UNT art project depicts plight of three generations of Kurdish women under rule of Saddam Hussein, ISIS

Tuesday, January 19, 2016 - 19:19
Joy Ellis shows the book, which depicts the plight of Iraqi women, she made at the University of North Texas art class. Photo by Ahna Hubnik.
Joy Ellis shows the book, which depicts the plight of Iraqi women, she made at the University of North Texas art class. Photo by Ahna Hubnik.

DENTON (UNT), Texas - A project in a University of North Texas graduate art class depicts the plight of three generations of Kurds who have lived under the Saddam Hussein regime and, now, ISIS.

Joy Ellis, who took a class in the College of Visual Arts during the fall 2015 semester, made an intricately detailed book featuring the stories of the Kurdish family from Iraq who were refugees in Iran. She got the stories from her sister who lives in Iraq with her husband, a worker for a non-governmental organization there.

“I think an important part of art is activism,” Ellis said. “As an artist, I have a strong conviction to do good in the world.”

The project came from the Topics in Latin American Art class taught by Kelly Donahue-Wallace, professor of art education and art history. Students were assigned to find an issue or object that would inspire them to create their own work of art.

Ellis was looking at a codex by an early 17th century Peruvian artist named Felipe Guaman Poma de Ayala, who used the Western book form to communicate his concerns – including reports of abuse – to the Spanish king.

Ellis always had an interest in bookmaking and wanted to focus on a group facing oppression.

“Their story doesn’t get told,” Ellis said.

Ellis’ sister, who goes by the Kurdish name Nergiz Bidi in Iraq, agreed to interview a family that lives in her neighborhood in the Kurdish region of northern Iraq.

The book, called “The Chronicle of Duski Zhuri Women,” features a cover made of teal brocade that is similar to what Kurdish women often traditionally wear. A gold thread – chosen because gold is significant to a woman’s dowry – runs through the Oriental stab binding.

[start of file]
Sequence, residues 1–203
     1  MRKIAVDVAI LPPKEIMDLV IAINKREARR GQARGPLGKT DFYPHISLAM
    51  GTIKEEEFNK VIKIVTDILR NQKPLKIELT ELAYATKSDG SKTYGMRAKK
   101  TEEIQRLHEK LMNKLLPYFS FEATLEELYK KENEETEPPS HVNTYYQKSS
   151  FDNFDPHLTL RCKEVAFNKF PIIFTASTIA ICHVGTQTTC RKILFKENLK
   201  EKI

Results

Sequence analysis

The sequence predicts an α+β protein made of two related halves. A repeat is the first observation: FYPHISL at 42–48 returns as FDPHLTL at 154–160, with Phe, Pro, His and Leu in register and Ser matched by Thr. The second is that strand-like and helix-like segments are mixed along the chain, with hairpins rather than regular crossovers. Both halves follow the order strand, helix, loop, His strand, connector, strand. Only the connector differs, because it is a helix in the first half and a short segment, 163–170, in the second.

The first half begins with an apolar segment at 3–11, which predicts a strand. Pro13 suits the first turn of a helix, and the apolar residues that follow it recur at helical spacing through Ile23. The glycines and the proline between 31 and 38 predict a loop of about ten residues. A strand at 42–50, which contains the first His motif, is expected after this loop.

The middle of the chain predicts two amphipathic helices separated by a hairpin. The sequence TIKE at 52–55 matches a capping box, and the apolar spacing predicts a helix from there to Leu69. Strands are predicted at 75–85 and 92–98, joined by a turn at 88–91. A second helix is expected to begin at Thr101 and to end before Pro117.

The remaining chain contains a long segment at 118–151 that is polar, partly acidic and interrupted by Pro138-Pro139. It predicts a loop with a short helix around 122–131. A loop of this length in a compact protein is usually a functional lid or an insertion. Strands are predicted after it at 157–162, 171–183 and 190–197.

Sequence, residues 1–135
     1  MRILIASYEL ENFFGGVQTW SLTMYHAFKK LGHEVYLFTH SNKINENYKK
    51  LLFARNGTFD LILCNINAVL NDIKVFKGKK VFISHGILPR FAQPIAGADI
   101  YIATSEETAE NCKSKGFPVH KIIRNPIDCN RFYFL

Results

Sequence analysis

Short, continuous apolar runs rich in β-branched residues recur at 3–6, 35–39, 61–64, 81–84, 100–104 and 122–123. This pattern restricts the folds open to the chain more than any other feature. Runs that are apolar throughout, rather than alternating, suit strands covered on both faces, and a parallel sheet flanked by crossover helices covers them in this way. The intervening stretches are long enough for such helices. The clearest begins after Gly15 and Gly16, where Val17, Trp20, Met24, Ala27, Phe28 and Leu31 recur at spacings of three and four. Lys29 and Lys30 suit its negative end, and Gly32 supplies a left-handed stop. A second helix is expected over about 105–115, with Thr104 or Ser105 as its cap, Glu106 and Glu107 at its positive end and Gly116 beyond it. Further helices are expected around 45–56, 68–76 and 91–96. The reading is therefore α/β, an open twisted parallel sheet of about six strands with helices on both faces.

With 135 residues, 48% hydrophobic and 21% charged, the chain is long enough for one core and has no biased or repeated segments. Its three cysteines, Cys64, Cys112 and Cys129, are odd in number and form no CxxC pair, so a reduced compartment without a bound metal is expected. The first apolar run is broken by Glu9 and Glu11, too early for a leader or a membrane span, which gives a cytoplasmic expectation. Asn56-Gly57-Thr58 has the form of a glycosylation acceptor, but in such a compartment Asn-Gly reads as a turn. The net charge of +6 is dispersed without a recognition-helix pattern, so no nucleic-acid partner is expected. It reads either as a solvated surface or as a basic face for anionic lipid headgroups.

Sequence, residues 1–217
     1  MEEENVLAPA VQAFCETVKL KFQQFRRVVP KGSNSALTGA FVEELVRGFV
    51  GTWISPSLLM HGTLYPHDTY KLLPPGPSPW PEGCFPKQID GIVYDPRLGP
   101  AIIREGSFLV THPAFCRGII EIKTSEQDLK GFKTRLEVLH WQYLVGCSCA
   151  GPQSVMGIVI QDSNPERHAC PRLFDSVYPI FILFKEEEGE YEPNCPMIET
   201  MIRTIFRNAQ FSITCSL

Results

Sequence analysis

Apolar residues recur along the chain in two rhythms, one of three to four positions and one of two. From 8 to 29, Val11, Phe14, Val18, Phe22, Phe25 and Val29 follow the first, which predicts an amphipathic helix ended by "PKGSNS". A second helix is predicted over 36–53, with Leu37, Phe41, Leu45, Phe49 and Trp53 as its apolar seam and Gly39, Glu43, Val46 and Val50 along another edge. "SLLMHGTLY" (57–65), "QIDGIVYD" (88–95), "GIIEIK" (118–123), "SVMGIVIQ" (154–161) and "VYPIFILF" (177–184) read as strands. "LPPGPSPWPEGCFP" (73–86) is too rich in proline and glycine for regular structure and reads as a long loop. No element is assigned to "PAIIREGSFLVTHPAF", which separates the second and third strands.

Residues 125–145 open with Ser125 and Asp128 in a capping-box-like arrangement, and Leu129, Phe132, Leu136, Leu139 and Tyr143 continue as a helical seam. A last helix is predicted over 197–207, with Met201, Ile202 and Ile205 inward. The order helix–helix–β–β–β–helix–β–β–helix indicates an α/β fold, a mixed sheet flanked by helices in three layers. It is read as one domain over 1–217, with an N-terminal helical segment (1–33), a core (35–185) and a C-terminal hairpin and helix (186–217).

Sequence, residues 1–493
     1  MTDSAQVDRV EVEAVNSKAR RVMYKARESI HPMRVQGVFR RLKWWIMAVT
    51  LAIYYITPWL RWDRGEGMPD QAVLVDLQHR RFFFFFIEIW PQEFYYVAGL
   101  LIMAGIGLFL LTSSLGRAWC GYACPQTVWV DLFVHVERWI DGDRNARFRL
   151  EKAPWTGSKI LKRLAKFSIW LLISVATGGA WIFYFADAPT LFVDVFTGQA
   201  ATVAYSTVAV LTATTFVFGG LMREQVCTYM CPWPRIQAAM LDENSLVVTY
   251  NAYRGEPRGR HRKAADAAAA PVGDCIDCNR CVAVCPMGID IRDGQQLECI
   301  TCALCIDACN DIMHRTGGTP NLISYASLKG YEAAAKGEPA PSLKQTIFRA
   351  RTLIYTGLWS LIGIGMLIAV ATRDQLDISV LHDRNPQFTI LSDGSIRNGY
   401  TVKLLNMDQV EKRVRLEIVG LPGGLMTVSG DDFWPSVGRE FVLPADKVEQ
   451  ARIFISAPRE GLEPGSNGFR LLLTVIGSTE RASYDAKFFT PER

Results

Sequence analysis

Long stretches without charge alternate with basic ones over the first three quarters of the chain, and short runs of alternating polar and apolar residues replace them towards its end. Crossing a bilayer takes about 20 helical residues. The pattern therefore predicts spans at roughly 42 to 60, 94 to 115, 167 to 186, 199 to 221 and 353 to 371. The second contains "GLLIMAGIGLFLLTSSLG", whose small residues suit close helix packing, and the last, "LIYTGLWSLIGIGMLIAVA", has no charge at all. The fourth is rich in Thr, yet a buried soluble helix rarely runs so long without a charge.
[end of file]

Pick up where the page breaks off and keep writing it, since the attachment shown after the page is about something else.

The book opens with a piece of lace, which women in that area often use as their head coverings. Lace also the divides the three chapters devoted to each woman.

The pages, made of transparent vellum paper, show each woman’s story in English and then in Kurdish in Arabic script, followed by a portrait. All three of them were photographed in a garden or near flowering trees – the oldest woman holding her prayer beads with her tea service in the foreground; her daughter’s hands holding flowers, not revealing her face to maintain her modesty; and the 23-year-old sitting with the trees in the background.

The two older women both survived the Saddam Hussein regime, who was trying to exterminate Kurdish people in Iraq. They fled to Iran to survive. The youngest woman’s story focuses on the present, as she worries that ISIS is approaching her village while she’s studying for her exams and her father is out fighting in the Kurdish military.

Ellis’ sister was struck by the women’s words. They went without food and water for 10 days as they spent 20 days trying to find a place to live until the Kurdish area took them in. They helped bury 70 people in one day.

“I listened to these stories over and over again,” Ellis’ sister said. “I’ve internalized these stories.”

Ellis said she enjoys bookmaking, but the project has special meaning for her.

“It felt like it was something important,” she said. “I think I just really wanted to get it right and do it justice.”

The activism is a characteristic the sisters got from their parents, who have been lifelong missionaries and currently live in Liberia. Ellis hopes to make a similar book with the women her mother is working with.

Ellis, who lives in Fort Worth, will graduate from Texas Woman’s University in spring 2017. She works in different forms of art, including photography and painting, and hopes to teach in the future. 

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